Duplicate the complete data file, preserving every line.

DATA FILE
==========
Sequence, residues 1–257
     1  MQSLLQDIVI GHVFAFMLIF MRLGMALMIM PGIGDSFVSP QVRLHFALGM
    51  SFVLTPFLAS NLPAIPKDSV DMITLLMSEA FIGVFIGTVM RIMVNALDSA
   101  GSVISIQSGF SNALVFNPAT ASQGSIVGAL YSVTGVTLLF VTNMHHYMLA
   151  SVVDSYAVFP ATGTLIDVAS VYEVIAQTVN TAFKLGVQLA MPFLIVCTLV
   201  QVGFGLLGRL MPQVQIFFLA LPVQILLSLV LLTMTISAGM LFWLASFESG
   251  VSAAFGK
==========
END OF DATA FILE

Sequence, residues 1–257
     1  MQSLLQDIVI GHVFAFMLIF MRLGMALMIM PGIGDSFVSP QVRLHFALGM
    51  SFVLTPFLAS NLPAIPKDSV DMITLLMSEA FIGVFIGTVM RIMVNALDSA
   101  GSVISIQSGF SNALVFNPAT ASQGSIVGAL YSVTGVTLLF VTNMHHYMLA
   151  SVVDSYAVFP ATGTLIDVAS VYEVIAQTVN TAFKLGVQLA MPFLIVCTLV
   201  QVGFGLLGRL MPQVQIFFLA LPVQILLSLV LLTMTISAGM LFWLASFESG
   251  VSAAFGK